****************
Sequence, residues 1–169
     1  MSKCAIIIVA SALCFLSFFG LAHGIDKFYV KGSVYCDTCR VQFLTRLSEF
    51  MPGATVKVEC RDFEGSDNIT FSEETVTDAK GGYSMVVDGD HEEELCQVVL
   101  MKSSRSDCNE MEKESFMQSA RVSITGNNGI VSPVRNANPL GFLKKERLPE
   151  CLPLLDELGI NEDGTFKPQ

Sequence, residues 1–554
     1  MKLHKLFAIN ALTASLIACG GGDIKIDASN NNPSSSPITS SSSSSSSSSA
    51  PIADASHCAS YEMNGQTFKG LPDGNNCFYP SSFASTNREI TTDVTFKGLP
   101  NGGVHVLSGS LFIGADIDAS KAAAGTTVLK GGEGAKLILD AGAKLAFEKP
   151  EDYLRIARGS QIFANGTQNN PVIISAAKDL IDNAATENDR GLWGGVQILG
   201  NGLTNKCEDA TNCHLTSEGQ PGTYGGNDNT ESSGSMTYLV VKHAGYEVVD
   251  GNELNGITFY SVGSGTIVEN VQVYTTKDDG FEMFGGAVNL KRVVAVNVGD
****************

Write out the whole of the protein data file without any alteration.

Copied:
Sequence, residues 1–169
     1  MSKCAIIIVA SALCFLSFFG LAHGIDKFYV KGSVYCDTCR VQFLTRLSEF
    51  MPGATVKVEC RDFEGSDNIT FSEETVTDAK GGYSMVVDGD HEEELCQVVL
   101  MKSSRSDCNE MEKESFMQSA RVSITGNNGI VSPVRNANPL GFLKKERLPE
   151  CLPLLDELGI NEDGTFKPQ

Sequence, residues 1–554
     1  MKLHKLFAIN ALTASLIACG GGDIKIDASN NNPSSSPITS SSSSSSSSSA
    51  PIADASHCAS YEMNGQTFKG LPDGNNCFYP SSFASTNREI TTDVTFKGLP
   101  NGGVHVLSGS LFIGADIDAS KAAAGTTVLK GGEGAKLILD AGAKLAFEKP
   151  EDYLRIARGS QIFANGTQNN PVIISAAKDL IDNAATENDR GLWGGVQILG
   201  NGLTNKCEDA TNCHLTSEGQ PGTYGGNDNT ESSGSMTYLV VKHAGYEVVD
   251  GNELNGITFY SVGSGTIVEN VQVYTTKDDG FEMFGGAVNL KRVVAVNVGD